2) Measure the outer axle diameter inside (at the bottom of) the splines.
This is the minor spline diameter and this will help me verify the number I have for 21 spline shafts (assuming it's 21 spline, that is.

(my reply)
Outer end number of splines=21
Diameter of outer shaft at outside of splines=1 23/64....1.359375 This
is the diameter of the splines themselves...they are wider than the shaft they are on.
Diameter of outer shaft away from splines 1 1/4 inch exactly...1.25. This is the diameter of the shaft between the joint yoke and the splines, no taper.

On the joint are the measures I have:

Snap Ring Dimension aka outside of snap ring groove to outside of opposite snap ring groove: 3 inches even
Diameter of cap inside of snap ring 1 3/8...1.375 Outside of the yoke the cap has a tapered edge that seems to measure 1/32 of an inch smaller then the 1 3/8...dont know if that means something.
cap to cap, outside: 4 11/64...4.171875
Ujoint body, the large rough center part:: 2 inch even
Machined surface between bearing cap and rough finish center body: half way between 9/64 and 10/64 by eye....19/128ths best guess...0.1484375
Cap Length, end to end: 15/16ths inch

2 inch body + 2- 9.5/64th (19/64) sections between body and caps + 2-15/16ths (120/64) caps = 4 11/64
(end reply)
His Reply to all that:

These measurements sinched the deal and I know what is what now. Thanks so much!

It's a very odd combination of parts. The inner axle is about the size of a common Dana 44 of today, though bigger than the Dana 44 of the era in which the axle was built (most D44s of that era were 19 spline). The outer shaft is the same as was used in the Dana 70 axles of that era. The U-joint measures out to be a beefy 1480 series u-joint, most likely a 5-88x Spicer. This is a common joint used in closed knuckle Dana 70s to the mid 1970s and similar to the 5-332x size used in the open knuckle Dana 60 fronts used from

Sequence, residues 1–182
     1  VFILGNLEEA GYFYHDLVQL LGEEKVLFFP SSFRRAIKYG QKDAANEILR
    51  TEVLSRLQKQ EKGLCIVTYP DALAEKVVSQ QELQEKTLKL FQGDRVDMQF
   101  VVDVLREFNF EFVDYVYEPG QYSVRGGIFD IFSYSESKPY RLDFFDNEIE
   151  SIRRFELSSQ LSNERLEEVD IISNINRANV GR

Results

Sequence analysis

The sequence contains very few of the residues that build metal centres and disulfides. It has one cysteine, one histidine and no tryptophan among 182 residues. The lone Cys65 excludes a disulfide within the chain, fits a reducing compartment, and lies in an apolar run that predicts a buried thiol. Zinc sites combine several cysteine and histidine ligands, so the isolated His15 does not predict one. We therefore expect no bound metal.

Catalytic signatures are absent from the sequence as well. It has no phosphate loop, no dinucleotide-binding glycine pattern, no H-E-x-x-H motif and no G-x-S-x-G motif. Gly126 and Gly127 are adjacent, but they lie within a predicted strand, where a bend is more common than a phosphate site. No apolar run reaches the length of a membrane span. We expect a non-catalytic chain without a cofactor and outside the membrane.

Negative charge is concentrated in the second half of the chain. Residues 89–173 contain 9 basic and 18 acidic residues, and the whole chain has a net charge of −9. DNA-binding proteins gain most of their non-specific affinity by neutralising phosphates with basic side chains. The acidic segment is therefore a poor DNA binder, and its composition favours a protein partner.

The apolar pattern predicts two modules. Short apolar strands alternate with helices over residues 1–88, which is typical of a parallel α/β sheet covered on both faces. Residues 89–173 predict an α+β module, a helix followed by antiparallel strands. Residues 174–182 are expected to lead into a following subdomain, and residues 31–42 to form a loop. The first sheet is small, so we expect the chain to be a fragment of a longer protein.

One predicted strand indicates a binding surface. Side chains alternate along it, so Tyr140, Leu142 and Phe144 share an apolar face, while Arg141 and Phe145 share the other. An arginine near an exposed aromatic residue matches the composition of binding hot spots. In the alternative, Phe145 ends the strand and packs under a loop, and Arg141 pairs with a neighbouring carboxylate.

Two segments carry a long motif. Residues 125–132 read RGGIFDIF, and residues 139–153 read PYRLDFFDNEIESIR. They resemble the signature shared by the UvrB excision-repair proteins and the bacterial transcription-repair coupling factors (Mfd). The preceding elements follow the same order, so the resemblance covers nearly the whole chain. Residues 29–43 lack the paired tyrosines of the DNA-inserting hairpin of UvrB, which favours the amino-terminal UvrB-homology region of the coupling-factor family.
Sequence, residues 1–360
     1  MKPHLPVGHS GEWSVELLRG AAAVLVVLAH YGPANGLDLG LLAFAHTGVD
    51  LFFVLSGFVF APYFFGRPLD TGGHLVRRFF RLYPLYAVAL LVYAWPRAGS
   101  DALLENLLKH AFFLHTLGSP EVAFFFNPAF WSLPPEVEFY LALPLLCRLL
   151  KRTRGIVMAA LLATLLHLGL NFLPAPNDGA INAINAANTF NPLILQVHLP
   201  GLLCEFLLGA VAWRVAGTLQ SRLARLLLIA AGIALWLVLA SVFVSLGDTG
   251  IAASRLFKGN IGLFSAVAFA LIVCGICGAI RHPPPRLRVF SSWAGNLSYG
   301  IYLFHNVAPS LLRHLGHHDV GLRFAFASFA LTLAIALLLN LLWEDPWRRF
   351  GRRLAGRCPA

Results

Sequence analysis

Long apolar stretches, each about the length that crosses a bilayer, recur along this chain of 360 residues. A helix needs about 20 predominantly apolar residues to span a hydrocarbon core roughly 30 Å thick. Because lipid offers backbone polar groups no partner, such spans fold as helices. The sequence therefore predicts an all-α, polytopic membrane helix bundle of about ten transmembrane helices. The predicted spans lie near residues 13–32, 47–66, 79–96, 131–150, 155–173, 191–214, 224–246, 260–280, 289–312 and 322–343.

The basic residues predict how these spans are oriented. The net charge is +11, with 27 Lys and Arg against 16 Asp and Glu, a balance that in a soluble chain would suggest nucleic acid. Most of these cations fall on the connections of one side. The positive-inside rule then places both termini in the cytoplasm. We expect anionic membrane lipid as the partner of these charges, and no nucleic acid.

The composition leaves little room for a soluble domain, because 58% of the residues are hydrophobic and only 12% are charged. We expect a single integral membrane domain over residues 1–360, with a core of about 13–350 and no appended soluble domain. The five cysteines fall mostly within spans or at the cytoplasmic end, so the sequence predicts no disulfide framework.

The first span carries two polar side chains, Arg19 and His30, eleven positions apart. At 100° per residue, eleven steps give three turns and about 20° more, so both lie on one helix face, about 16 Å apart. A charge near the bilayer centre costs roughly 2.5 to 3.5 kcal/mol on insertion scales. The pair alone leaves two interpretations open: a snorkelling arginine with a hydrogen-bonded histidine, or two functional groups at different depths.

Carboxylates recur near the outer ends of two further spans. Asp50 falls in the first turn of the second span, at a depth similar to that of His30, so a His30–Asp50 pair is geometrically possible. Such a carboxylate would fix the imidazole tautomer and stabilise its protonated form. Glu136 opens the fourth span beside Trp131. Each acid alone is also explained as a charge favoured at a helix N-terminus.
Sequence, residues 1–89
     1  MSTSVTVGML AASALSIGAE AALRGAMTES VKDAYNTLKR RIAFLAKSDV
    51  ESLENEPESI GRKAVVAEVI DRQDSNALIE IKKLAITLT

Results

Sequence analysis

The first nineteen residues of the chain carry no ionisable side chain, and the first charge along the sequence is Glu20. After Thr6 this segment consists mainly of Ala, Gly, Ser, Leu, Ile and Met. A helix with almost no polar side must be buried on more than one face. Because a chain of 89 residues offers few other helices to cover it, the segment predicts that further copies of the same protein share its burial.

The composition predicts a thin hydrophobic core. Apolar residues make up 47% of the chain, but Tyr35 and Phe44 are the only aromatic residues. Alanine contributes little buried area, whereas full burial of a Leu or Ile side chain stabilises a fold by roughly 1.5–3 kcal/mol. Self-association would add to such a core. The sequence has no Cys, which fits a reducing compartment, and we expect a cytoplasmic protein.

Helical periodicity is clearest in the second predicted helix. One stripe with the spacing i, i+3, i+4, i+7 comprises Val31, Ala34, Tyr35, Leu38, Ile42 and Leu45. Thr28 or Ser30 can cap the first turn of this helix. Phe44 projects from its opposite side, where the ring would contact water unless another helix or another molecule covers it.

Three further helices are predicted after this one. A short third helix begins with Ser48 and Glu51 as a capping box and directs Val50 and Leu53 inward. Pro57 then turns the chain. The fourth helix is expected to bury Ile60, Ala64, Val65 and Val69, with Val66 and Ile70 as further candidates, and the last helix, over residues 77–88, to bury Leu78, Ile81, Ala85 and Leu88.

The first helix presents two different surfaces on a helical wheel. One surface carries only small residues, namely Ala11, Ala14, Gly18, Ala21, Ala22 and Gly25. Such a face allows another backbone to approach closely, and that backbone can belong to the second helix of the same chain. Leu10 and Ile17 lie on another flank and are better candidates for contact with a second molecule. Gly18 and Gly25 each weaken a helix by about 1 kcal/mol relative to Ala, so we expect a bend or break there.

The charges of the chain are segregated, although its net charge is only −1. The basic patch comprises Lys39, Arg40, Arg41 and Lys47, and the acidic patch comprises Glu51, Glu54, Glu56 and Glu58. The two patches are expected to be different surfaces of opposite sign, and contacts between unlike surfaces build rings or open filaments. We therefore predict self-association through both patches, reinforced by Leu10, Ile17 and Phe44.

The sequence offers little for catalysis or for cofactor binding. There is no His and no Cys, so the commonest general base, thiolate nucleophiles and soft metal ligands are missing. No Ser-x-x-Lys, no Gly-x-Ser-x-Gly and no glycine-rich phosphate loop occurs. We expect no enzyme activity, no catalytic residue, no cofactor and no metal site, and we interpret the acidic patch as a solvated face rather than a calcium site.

the late '70s until today.
Internally, the M-715 axle is similar to the Dana 60s use the the front axles of some high GVW Ford F-250s and F-350s in the '74-76 Ford, though the Fords had much smaller u-joints and smaller outer shafts. In '77, the Dana 60 fronts went to the more familiar and much more beefy 1.5-inch, 35-spline inner axle and 1.31-inch, 30-spline outer shaft. The Ford units mentioned earlier are known as the "Wimpy-Sixties" because of their small axle shaft dimensions and small axle u-joints.
The way I see it, the inner axle is the main weakness of the M-715 D60, and I presume that's where they break most often. It might be possible to substitute a more modern 35-spline Dana 60 inner shaft, perhaps a blank axle cut to the right dimension and resplined. You'd have to then install a 35-spline carrier (perhaps a Powr-Lok) or at least 35-spline side gears. Without all the parts laying here to compare, it's hard to say just what could be done, but it's likely there are a number of other "mix-n-match" improvements that could be made internally without changing the exterior look.